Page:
Be Human...Donít 'Grab a Bite'
3rd Sunday of Easter, Cycle C

John chapter 21 verses 1-19

The renowned scientist Richard Leakey has spent many fruitful years studying that which distinguishes us from other primates. In the process, he has discarded some of the more popular theories such as the making and using of tools, the invention of speech and the tendency to wage war on oneís own species. His studies have led him to identify what he believes to be the foundational characteristic of the human species. In other words, that characteristic which, once developed, paved the way for our ancestors to realize their unique potential. That characteristic, that first stepping stone was, according to Leakey, the sharing of food.

Other animals share food but only primitive man had the potential, the intelligence, the motivation to go on from there. To go on to experience the need to share events, fears, joys, interests and concerns and, within the social context of the communal meal, to develop the rudiments of a spoken language. From this, of course, there emerged shared ideas and philosophies.

And so it seems that sharing food, not through blind instinct, but through choice, drew from within our forefathers and mothers the dormant creator-given potential to be fully human. If Doctor Leakey is right, we are apparently most authentically human when we join together in the social activity of dining; which activity is also the most important school for the young and formative minds of our children.

What an interesting back-drop against which to discuss family life as well as liturgical life.

It is particularly interesting to apply this theory to our understanding of the first 19 verses of chapter 21 of Johnís Gospel. I urge you to read it now before going any further.

Before Jesus died, He brought His Apostles together for a meal. He asked that in future He be remembered within this same context. After His Resurrection He invited them to share with Him yet another meal the clear purpose of which was to re-establish intimacy and harmony. It was only then that he turned to Peter who bore the cross of having denied Him three times. Jesus asked him the same question three times over. The anguish Peter suffered as Jesus relentlessly questioned him had the effect of cleansing and restoring the humbled and contrite leader of the Apostles. And when after each successive profession of love had gradually but finally restored his self-esteem and Peter had been handed the helm of the infant Church, his commission was not..."Take over and run a tight ship, do not compromise, make sure they pray, pay and obey!"...No, far from it! His commission was "Feed my people."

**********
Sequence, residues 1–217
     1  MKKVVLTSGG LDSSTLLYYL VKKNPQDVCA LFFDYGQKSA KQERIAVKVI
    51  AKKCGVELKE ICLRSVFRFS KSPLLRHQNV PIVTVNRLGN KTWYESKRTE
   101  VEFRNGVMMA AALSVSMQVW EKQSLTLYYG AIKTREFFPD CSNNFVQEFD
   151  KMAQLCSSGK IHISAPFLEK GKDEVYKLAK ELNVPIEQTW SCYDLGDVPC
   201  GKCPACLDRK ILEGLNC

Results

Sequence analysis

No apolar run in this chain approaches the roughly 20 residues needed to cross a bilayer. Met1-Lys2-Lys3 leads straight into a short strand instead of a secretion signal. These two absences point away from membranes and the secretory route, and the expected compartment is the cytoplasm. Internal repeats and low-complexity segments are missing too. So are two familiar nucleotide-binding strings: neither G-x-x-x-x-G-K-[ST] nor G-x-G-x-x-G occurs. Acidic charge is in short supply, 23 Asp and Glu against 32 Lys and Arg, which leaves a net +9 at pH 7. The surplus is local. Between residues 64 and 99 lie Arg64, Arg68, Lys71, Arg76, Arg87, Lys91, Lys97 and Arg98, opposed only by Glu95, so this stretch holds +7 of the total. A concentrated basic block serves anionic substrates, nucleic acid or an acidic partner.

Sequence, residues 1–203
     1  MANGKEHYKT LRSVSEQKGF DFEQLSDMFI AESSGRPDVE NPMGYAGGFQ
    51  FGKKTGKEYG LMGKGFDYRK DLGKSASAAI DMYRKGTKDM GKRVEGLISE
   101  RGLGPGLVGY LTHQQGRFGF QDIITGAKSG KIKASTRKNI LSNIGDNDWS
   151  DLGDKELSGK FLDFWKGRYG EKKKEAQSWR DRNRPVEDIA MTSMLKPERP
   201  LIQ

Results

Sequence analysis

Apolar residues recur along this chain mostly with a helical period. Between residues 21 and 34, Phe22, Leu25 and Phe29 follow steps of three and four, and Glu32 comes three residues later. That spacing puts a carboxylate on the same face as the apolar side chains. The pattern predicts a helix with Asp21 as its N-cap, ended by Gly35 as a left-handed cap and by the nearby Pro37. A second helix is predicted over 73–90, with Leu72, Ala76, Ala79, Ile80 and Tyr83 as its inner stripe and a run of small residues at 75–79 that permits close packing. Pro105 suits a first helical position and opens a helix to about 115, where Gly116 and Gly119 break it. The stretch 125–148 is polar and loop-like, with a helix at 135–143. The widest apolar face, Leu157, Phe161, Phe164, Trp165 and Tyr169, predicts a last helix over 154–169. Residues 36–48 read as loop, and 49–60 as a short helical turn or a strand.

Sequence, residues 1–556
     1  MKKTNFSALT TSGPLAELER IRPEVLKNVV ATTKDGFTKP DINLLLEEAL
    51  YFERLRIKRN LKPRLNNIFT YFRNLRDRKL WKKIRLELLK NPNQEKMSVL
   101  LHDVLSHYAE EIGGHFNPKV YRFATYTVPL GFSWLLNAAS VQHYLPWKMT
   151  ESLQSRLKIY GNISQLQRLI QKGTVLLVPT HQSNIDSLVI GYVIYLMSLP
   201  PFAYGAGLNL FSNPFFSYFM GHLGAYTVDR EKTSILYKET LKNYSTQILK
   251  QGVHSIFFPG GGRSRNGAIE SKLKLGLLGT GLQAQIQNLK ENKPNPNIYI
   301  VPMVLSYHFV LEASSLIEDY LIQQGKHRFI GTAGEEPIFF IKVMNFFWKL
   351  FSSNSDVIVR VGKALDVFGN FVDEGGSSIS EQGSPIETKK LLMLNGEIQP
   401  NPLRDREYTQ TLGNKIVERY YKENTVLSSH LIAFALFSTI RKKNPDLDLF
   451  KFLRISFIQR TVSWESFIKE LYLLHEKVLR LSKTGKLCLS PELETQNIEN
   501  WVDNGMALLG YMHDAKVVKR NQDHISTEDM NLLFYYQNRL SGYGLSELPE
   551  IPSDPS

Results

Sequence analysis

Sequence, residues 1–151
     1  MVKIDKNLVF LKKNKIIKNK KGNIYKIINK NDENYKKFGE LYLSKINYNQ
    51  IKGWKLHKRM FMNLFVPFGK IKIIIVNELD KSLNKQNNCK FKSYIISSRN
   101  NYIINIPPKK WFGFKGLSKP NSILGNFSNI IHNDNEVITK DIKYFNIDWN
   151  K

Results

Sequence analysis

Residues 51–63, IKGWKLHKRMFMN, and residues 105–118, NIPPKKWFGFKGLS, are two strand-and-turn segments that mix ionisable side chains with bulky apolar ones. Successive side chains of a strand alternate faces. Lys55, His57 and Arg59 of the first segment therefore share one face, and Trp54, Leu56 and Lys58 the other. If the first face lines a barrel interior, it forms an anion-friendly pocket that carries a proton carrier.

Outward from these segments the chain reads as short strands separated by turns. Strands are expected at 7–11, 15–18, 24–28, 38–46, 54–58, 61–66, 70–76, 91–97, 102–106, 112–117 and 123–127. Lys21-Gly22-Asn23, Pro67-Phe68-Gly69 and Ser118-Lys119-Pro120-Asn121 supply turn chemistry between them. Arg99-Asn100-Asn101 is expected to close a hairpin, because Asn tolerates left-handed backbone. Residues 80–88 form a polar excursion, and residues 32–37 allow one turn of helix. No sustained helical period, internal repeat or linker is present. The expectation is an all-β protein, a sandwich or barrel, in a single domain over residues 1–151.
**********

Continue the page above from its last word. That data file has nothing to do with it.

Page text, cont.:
In other words: "Do all that you can, you and your followers who also profess to love me, all that you can do to insure that no one goes hungry. Hungry for truth and for love but also for food and for drink and the essential interaction associated with them."

This speaks to us about the Eucharist. It speaks to us about world hunger. It speaks to us about evangelization and religious education. But I think that Doctor Leakey and Jesus would agree that it also speaks to us about that incredibly important and lately overlooked formative expression of our humanity...the family dinner table.


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